Mountainview Home Owner Manual


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Heating and Ventilation

The heating system is designed to be capable of maintaining an indoor air temperature of 21o Celsius in living areas and unfinished basements.

The heating equipment can be maintained at maximum efficiency through regular inspections according to manufacturers instructions.

If the furnace will not come on, the following steps must be taken prior to calling for service: A) ensure the thermostat is set to the “Heat” position, not “Cool” or “Off”. B) turn up the thermostat setting a few degrees above the thermometer and see if the furnace will start. C) check the furnace circuit breaker at the electrical panel, it may need to be reset by switching it off and then on again. D) ensure the furnace power switch (similar to a light switch) located near the furnace is in the on position. E) check that the furnace filter is clean and replace if required. F) make sure the furnace panel doors are latched closed correctly. G) make sure the furnace vent outside is not blocked by ice, snow, leaves or other debris (do not install screens on these vents as they will obstruct the air flow). H) attempt to reboot the furnace by turning the power off for 10 seconds then on again at the switch connected to the furnace and waiting 2 minutes for the electronics to reset. I) open the furnace cover to find the fault code document and determine the code by observing the sequence of flashing lights being displayed at the bottom of the furnace. The code may indicate an easy solution to the furnace problem and will allow a service technician to bring the proper parts for a quick repair if needed.

Air filters should be changed weekly during the first 2 months of furnace use. After the initial 2 months filters should be changed monthly. Some filters may be of the washable type, which can be rinsed in the laundry tub.

If areas such as rooms over the garage feel warmer or cooler than the remainder of the house, check the furnace filter to ensure there is proper air flow to the ductwork.

The gas meter should be kept clear of snow and ice. A broom can be used to clear snow, not hard objects.

Exterior vent terminations must be clear of obstructions. Keep shrubs, landscaping, and garden hoses clear from the ends of any vent pipes.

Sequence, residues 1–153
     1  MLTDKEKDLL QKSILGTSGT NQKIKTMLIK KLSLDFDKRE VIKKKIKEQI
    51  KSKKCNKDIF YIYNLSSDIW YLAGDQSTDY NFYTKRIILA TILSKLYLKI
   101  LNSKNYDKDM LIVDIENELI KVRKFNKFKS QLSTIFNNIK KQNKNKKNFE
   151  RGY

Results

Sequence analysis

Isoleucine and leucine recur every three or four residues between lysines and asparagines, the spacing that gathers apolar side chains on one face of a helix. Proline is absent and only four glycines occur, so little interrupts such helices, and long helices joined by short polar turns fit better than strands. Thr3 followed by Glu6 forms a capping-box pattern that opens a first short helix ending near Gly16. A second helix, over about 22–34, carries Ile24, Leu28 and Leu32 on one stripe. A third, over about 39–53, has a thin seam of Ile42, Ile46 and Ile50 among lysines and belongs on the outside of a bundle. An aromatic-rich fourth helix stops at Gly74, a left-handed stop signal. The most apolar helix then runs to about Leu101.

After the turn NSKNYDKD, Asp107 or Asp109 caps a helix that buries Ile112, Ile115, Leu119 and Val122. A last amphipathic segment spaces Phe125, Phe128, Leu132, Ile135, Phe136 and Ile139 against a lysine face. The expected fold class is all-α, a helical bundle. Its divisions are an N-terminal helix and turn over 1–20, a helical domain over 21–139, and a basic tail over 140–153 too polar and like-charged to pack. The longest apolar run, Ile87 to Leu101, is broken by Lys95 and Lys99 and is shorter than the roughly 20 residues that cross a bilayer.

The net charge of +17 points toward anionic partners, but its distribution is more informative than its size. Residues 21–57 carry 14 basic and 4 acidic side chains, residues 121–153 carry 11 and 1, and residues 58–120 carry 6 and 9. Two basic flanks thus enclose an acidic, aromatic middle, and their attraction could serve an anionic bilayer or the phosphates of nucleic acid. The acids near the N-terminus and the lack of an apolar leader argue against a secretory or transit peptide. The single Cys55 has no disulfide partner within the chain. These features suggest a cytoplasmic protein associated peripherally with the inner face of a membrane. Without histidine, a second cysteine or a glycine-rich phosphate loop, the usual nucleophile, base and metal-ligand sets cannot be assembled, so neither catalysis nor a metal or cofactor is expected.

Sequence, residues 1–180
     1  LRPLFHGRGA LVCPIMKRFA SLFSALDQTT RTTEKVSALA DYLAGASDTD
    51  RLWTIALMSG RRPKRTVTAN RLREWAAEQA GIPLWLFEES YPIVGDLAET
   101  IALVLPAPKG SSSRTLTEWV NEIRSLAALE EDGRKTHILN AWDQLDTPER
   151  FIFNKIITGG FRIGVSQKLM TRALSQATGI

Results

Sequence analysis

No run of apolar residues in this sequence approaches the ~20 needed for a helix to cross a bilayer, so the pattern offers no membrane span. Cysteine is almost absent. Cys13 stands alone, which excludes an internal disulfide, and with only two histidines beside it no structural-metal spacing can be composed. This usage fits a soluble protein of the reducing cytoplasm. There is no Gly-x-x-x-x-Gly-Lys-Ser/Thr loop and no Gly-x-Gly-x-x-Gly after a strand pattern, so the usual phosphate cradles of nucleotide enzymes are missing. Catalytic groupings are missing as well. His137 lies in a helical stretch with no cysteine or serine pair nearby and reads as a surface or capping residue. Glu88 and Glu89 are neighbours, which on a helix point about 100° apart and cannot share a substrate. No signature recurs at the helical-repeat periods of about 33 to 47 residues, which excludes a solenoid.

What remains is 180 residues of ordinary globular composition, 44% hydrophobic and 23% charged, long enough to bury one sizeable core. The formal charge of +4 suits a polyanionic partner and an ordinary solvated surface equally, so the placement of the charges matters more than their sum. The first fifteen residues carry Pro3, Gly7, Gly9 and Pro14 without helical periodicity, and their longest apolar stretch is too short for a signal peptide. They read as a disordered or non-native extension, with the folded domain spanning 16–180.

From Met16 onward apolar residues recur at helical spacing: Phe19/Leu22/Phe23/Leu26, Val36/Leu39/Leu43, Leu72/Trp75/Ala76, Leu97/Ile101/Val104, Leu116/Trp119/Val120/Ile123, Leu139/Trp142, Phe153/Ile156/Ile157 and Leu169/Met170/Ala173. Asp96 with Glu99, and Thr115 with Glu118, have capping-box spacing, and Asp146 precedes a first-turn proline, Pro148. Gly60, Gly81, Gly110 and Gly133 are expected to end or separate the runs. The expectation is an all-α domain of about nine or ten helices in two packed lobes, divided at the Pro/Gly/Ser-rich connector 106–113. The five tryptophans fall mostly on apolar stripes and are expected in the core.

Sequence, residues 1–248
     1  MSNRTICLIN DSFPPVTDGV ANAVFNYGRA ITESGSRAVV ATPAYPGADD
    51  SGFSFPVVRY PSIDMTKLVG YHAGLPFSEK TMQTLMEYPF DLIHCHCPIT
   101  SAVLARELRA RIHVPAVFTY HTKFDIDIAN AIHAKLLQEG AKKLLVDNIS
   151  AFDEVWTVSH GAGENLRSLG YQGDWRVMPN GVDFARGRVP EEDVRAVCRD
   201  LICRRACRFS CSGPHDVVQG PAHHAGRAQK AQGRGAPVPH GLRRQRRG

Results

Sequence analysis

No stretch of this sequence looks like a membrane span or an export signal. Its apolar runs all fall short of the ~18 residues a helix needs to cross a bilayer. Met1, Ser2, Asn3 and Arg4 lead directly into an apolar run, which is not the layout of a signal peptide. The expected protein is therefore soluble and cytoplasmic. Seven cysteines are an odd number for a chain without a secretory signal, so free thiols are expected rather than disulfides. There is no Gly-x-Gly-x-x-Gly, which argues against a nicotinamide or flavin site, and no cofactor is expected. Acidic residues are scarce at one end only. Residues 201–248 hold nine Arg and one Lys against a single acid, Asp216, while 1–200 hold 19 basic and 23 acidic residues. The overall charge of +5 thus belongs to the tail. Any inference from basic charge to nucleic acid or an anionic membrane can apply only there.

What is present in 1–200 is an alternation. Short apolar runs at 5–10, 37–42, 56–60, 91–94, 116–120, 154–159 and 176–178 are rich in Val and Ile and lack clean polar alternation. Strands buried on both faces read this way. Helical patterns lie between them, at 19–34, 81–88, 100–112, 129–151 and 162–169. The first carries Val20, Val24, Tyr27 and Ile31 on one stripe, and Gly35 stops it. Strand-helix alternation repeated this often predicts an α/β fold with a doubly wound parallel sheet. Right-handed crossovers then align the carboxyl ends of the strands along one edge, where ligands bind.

All furnaces create moisture from combustion which is drained through a tube to either a floor drain or a condensate drain. If these lines become dislodged they may drain water onto the basement floor.

Ductwork may make noise as it expands and contracts during heating and cooling cycles. This is considered normal.

During the winter months high humidity levels in your home can lead to condensation on cold surfaces. Ventilation must be used to control the humidity levels and provide healthy clean air with the least risk of mold.

If your home was built with a Plusaire unit in the basement, the damper needs to be set to the winter position, and the dehumidistat which is located next to the thermostat can be set to 35%.

If your home was built with a Heat Recovery Ventilator (HRV) in the basement, the dehumidistat which is located next to your thermostat should have the power light turned on, the dehumidistat light set to the 30% or winter position (40% if it feels too dry - higher settings increase the risk of mold), and the speed light set to low unless you want to temporarily run the fan at high speed for increased ventilation. A flashing dehumidistat light indicates the fan is running at high speed to meet the desired humidity level. A continuous dehumidistat light indicates the humidity level is lower or equal to the setting. The furnace fan will run at low speed when the HRV power light is on to evenly distribute fresh air through the home. This will provide the most even temperature and moisture levels through the home, will provide the cleanest air (by continually moving it past the furnace filter), and the least amount of condensation on windows (as the constant air movement can slightly raise the glass temperature).